Life Lines

Hoarding

I am always amazed by stories of people who hoard animals and find myself mesmerized by the TV series dedicated to this important animal welfare issue. The animals found in these situations are often very ill due to squalid living conditions and lack of adequate food or water.

What I want to focus on, however, is another type of hoarding…food. Probably the best known example are squirrels like the Tamiasciurus hudsonicus, i.e. red squirrel, shown below which hoard food in preparation for the long winter fast:
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Photograph: Steve Geer/iStockphoto.com.

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Photo Credit: EcoRover

People and hamsters also hoard when they are deprived of food. During fasting, the hormone ghrelin is released by the stomach to increase appetite. When hamsters are injected with this hormone, the animals begin to hoard food. Ghrelin exerts its effects through stimulation of the brain peptides neuropeptide Y and agouti-related protein both of which if administered to hamsters also cause them to hoard food. In contrast, if the animals are given the satiety peptides leptin or cholecystokinin-33, the hoarding behavior is reduced.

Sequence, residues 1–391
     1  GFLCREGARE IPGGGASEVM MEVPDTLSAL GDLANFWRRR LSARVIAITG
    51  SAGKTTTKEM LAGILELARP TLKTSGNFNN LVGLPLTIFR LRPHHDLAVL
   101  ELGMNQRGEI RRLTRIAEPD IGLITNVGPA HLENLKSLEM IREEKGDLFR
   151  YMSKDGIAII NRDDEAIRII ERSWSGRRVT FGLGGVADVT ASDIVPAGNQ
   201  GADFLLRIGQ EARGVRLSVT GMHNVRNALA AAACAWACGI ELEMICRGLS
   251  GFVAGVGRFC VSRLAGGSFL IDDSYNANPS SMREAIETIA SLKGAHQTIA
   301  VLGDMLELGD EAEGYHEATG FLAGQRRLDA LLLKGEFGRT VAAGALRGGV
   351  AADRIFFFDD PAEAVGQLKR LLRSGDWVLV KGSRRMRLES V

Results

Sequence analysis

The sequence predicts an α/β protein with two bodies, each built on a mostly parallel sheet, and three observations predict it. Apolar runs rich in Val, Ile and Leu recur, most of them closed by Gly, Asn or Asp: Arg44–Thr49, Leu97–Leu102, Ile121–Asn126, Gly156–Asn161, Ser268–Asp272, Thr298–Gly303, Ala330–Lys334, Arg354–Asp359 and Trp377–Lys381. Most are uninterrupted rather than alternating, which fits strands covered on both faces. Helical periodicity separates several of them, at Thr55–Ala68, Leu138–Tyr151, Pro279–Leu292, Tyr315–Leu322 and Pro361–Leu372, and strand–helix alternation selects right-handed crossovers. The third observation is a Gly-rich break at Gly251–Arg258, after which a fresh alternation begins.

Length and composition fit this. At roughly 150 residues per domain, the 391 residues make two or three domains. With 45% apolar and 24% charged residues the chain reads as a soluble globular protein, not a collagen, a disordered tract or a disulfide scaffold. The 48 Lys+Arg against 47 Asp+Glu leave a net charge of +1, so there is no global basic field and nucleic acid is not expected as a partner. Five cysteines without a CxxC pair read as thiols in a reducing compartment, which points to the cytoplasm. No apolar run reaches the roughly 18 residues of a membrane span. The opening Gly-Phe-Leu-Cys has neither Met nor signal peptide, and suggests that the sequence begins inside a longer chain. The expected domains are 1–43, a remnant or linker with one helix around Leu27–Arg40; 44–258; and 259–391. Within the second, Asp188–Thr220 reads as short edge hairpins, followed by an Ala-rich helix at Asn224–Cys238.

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Image source: Gale S M et al. J. Nutr. 2004;134:295-298

Researchers have suggested that because food hoarding increases with obesity in humans, that more research into this area might be beneficial in the treatment of obesity.

Source:
Bartness TJ, Keen-Rhinehart E, Dailey MJ, Teubner BJ. Neural and Hormonal Control of Food Hoarding. Am J Physiol. 301(3): R641-R655, 2011.

Comments

  1. #1 Collin
    September 23, 2011

    Nice color assortment that squirrel got. Are those cones?

  2. #2 Dr. Dolittle
    September 23, 2011

    Yes, the squirrel certainly collected a colorful variety of cones.